• Cultivates new ideas by giving people frequent opportunities to observe the activities of customers, competitors, or suppliers.
  • Provides adequate time for others to directly observe how people interact with our products and/or services.
  • Encourages others to pay careful attention to everyday experiences in search of surprising, new ways of doing things.
  • Encourages others to be adventurous and seek out new experiences.
  • Praises others for experimenting with new ways of doing things.
  • Actively supports experimenting by others to discover and develop new ideas.
  • Provides opportunities for others to network with individuals from very different backgrounds or perspectives.
  • Encourages others to engage in frequent conversations with a diverse set of people (e.g., from different professions, business functions, companies, industries, geographies, etc.) to find and refine new ideas.
  • Supports others’ attendance at professional or academic conferences or events to meet people outside of their profession, function, industry, or geography.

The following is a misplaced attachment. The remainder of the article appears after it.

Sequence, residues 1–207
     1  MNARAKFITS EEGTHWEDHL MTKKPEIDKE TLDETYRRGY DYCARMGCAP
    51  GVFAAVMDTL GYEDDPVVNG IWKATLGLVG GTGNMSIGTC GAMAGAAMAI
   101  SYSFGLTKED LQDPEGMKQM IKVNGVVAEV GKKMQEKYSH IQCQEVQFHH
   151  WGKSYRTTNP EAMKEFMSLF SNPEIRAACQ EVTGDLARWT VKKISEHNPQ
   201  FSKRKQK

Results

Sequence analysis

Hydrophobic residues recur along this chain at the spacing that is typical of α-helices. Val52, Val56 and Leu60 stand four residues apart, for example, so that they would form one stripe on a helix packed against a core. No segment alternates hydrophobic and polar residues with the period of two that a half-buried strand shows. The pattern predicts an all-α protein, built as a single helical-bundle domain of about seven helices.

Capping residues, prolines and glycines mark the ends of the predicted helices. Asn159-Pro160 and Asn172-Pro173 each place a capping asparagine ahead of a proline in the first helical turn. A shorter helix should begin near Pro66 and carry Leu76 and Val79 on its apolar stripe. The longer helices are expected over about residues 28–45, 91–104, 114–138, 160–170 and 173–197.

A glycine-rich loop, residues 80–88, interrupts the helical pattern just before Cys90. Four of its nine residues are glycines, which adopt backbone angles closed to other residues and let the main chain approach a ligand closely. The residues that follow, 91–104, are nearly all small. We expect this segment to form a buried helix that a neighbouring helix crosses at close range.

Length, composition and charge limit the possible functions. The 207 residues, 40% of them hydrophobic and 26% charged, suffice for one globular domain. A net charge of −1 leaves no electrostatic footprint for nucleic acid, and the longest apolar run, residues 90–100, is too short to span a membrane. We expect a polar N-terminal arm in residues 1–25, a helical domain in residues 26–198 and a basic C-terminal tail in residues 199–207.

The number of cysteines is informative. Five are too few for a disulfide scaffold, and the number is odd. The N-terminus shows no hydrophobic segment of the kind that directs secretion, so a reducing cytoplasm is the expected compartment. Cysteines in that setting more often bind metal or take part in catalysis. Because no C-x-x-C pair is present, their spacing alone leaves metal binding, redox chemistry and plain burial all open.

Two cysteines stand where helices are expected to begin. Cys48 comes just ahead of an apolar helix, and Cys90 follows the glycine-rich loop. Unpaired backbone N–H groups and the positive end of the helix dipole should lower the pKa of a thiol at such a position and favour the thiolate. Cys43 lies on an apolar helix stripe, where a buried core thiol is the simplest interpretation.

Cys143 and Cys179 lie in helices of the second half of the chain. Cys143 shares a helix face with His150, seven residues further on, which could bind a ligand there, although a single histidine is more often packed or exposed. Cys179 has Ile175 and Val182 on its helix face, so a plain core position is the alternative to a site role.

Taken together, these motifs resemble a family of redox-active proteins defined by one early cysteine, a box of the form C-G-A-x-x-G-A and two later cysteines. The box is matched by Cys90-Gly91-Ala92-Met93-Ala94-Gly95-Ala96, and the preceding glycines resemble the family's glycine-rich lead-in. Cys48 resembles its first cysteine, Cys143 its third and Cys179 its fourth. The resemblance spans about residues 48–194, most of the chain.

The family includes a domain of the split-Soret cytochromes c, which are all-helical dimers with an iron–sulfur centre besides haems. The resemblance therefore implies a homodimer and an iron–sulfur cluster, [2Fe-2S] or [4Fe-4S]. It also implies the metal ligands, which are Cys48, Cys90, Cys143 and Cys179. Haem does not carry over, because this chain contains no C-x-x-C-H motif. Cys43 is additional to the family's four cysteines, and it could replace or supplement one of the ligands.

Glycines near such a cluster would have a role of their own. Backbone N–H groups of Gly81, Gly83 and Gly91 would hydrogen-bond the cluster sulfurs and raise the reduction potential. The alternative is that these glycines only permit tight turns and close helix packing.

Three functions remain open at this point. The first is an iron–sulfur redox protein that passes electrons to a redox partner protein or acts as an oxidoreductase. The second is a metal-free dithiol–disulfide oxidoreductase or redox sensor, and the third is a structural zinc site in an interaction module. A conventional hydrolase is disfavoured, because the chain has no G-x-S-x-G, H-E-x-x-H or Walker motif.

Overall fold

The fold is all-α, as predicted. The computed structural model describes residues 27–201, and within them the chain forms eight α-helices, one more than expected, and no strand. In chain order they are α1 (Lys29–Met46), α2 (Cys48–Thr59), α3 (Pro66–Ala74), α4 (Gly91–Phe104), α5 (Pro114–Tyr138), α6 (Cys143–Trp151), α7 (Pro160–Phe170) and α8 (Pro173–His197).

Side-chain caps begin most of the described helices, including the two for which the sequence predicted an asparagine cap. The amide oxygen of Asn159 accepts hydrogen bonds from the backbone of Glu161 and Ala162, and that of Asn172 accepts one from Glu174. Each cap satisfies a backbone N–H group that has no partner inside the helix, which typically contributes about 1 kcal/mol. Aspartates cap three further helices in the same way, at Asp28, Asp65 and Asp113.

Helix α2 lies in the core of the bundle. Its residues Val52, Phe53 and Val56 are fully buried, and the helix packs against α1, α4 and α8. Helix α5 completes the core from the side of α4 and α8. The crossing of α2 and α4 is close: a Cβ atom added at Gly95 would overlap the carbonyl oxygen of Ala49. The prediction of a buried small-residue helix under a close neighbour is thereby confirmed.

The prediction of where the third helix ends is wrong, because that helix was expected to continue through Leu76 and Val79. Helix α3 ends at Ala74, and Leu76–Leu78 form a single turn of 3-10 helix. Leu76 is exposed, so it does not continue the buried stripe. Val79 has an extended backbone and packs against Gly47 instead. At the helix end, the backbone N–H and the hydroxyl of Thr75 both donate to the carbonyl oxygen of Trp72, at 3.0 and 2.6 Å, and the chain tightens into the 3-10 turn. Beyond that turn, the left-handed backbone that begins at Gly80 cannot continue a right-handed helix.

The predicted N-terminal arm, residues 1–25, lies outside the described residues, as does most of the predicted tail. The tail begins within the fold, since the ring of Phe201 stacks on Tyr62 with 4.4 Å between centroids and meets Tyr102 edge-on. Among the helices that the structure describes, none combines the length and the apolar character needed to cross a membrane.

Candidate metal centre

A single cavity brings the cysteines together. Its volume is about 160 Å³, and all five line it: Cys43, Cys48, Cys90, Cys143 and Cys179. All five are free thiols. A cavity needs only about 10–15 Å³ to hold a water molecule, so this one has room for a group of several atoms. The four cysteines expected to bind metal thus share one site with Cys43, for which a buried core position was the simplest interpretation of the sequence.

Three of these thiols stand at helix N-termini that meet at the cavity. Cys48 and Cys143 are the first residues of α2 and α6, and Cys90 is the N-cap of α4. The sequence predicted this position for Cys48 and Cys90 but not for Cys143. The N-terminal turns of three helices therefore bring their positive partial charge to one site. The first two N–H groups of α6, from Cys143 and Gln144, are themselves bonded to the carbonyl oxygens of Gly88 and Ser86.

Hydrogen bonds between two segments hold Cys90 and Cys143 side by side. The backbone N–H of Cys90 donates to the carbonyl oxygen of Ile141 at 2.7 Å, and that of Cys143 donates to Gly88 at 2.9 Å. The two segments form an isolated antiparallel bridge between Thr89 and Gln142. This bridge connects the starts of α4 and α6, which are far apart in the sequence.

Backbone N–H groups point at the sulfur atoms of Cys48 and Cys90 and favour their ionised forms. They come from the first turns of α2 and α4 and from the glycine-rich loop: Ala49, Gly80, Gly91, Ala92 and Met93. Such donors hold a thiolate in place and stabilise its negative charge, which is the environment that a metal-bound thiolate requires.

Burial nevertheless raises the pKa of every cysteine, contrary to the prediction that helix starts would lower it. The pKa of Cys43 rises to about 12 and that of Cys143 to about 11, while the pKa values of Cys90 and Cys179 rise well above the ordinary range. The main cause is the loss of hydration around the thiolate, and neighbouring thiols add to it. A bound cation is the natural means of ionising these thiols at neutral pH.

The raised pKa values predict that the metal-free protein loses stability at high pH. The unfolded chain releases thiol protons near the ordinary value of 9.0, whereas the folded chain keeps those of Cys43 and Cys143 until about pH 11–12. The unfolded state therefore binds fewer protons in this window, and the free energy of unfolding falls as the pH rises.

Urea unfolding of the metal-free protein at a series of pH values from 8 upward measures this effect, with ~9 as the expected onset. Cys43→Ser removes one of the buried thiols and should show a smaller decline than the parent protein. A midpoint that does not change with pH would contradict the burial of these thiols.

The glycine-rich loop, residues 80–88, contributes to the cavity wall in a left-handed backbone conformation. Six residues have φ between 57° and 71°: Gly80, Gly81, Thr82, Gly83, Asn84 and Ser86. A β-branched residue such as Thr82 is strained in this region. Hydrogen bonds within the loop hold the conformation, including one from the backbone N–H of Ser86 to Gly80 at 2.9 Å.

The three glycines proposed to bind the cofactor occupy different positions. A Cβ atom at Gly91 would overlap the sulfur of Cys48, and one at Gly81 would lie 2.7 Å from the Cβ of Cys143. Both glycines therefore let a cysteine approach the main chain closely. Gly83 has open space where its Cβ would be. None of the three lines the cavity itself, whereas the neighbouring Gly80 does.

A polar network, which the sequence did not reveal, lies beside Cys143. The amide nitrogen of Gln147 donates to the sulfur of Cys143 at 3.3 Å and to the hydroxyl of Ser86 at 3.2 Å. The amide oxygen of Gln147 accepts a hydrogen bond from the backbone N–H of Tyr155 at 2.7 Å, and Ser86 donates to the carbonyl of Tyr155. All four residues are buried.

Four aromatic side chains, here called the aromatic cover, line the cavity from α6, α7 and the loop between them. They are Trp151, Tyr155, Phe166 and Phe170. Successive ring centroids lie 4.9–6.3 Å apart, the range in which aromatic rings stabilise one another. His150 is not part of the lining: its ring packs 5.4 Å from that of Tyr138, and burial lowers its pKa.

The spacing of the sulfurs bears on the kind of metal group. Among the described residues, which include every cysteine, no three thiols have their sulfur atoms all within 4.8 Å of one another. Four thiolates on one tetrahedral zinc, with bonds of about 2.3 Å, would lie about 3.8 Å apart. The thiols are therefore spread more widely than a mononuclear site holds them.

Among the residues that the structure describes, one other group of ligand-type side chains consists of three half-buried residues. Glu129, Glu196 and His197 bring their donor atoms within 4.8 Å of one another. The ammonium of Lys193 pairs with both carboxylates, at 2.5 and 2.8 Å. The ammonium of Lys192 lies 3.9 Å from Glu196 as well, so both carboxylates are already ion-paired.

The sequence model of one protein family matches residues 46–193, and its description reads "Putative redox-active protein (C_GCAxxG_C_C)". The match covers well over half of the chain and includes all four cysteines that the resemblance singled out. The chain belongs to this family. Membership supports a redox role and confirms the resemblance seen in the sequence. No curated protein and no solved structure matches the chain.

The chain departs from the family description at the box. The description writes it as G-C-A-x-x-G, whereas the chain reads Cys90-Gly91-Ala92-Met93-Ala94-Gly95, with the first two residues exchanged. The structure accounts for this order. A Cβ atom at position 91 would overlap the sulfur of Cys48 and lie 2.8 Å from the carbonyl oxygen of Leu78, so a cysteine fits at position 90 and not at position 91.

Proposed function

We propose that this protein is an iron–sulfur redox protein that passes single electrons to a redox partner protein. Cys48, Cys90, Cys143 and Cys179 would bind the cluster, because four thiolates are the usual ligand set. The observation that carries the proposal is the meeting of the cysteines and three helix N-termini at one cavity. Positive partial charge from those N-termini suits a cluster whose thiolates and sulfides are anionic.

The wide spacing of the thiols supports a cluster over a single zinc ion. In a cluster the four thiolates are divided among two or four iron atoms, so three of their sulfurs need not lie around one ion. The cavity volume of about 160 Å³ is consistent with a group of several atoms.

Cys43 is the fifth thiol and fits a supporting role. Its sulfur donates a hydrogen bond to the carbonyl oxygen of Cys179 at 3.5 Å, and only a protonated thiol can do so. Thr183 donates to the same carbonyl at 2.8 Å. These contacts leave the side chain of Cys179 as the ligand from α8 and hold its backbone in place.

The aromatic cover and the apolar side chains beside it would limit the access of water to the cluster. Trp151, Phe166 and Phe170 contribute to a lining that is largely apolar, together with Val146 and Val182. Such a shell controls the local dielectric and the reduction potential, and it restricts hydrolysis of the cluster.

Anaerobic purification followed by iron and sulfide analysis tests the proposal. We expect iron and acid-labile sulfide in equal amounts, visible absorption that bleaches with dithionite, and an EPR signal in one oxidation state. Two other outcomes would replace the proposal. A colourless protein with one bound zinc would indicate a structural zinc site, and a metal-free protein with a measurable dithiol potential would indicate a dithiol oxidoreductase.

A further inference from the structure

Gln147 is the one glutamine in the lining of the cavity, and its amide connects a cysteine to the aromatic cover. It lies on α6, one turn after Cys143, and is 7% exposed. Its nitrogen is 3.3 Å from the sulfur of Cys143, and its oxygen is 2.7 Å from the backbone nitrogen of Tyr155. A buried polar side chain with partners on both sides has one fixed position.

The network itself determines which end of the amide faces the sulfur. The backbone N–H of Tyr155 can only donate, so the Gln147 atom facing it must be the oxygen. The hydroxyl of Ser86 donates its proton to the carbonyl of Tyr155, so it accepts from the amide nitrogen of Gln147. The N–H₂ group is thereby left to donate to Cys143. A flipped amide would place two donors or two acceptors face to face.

• Encourages others to challenge the status quo.
  • Supports others’ efforts to initiate significant changes in how we do things.
  • Encourages people to take risks.
  • Advocates taking risks to pursue interesting new ideas or paths of action. 68.
  • Stays more informed about industry and technology trends than colleagues.
  • Does not make rash decisions.

3 thoughts on “Questions on Innovation

  1. We agree that the “:Â….educational system was hijacked by “”scientistsÂ…””. In the Occidental Society is also hijacked by “”scientists”” because they are making it for a living inventing unnumbered fantasies that we know as FANTASIA.

    This post is related to China (India also) construction of a new Neutrino Detector that Dr, Carezani, with his New Paradigm in Physics-Cosmology, is proving, without any doubt that the Neutrino doesn’t exist. Please see:

    Please try to spread this to Physics Students and Professors especially translated to your language.

    Thanks in Advance

    Lucy Haye Ph. D.

    SAA’s representative

    Non-Profit Scientific Society.

    Long Beach, CA – USA